Skip to main content
padlock icon - secure page this page is secure

Mitigating Disaster: The Aral Sea and (Post-)Soviet Property

Buy Article:

$20.77 + tax (Refund Policy)

The Aral Sea regression, the outcome of Soviet irrigation practices in Central Asia, is famous as one of the most serious ecological disasters of the twentieth century. This article examines Soviet policies to mitigate the sea's regression, in particular efforts to keep people in employment. I argue that property relations are intimately connected not only with the causes of environmental change but also with its effects, and explore this proposition through three case studies. First, I use archival materials to show how late Soviet bureaucrats framed the regression not as an environmental disaster but as a problem of living standards and employment, which shaped measures to address it. Secondly, I examine memories of the late Soviet period among fishermen in Aral villages, arguing that their experiences of the sea's regression were shaped both by their position within the Soviet fishery and by local understandings of property. Finally, I explore nostalgic narratives in the town of Aral'sk today, arguing that the history of environmental change is re-read through post-Soviet changes in property relations.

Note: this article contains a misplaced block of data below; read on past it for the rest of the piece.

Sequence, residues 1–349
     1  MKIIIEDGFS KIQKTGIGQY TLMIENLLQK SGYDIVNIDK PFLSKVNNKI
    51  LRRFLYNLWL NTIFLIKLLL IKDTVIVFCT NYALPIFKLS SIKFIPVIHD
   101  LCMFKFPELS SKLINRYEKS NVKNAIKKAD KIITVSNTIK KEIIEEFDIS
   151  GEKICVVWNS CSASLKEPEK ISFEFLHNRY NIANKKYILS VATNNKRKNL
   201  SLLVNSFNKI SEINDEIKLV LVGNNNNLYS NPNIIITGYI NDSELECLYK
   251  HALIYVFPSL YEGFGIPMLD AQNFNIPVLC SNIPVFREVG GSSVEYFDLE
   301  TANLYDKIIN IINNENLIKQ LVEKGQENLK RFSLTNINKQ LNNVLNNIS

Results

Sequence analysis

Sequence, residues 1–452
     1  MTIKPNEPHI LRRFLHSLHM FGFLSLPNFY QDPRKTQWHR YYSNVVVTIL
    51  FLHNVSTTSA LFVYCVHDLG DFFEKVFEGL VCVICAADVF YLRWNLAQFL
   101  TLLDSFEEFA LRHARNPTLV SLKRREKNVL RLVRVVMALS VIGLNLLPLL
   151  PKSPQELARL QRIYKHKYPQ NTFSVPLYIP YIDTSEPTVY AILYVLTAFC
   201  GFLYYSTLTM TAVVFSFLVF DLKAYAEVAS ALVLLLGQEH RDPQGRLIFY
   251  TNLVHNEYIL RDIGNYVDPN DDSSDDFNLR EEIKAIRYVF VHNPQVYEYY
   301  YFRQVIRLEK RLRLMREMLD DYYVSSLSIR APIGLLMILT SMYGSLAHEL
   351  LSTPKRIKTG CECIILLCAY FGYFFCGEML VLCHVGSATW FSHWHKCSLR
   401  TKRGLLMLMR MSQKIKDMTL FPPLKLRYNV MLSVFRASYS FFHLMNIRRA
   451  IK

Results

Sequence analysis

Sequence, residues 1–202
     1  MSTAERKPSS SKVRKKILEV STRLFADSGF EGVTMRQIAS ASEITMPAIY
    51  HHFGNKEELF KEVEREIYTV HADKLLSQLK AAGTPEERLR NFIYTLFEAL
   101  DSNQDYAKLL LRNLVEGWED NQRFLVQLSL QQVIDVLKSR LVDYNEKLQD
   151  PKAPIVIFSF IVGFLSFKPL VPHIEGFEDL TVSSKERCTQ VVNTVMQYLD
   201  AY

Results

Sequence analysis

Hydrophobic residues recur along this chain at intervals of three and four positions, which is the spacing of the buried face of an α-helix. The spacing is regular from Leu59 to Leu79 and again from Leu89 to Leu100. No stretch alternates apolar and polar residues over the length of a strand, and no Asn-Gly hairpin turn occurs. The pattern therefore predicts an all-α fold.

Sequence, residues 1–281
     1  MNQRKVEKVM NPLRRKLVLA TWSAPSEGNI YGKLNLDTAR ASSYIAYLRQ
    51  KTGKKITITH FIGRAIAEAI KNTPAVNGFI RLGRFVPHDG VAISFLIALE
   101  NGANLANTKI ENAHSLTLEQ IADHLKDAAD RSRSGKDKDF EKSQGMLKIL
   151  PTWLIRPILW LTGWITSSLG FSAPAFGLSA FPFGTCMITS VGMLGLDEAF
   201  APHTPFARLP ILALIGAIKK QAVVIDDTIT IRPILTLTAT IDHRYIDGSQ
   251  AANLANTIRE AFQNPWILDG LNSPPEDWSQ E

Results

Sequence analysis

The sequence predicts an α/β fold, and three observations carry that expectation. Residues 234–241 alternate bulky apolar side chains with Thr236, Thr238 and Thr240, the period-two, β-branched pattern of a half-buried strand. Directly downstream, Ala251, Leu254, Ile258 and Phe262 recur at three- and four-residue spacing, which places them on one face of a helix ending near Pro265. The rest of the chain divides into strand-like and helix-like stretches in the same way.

No Reference information available - sign in for access.
No Citation information available - sign in for access.
No Supplementary Data.
No Article Media
No Metrics

Keywords: Aral Sea; Soviet Union; disaster; fisheries; property

Document Type: Research Article

Publication date: October 1, 2018

More about this publication?
  • The half-yearly journal Global Environment: A Journal of History and Natural and Social Sciences acts as a forum and echo chamber for ongoing studies on the environment and world history, with special focus on modern and contemporary topics. Our intent is to gather and stimulate scholarship that, despite a diversity of approaches and themes, shares an environmental perspective on world history in its various facets, including economic development, social relations, production government, and international relations.
  • Information for Authors
  • Submit a Paper
  • Subscribe to this Title
  • Ingenta Connect is not responsible for the content or availability of external websites
  • Access Key
  • Free content
  • Partial Free content
  • New content
  • Open access content
  • Partial Open access content
  • Subscribed content
  • Partial Subscribed content
  • Free trial content
Cookie Policy
Cookie Policy
Ingenta Connect website makes use of cookies so as to keep track of data that you have filled in. I am Happy with this Find out more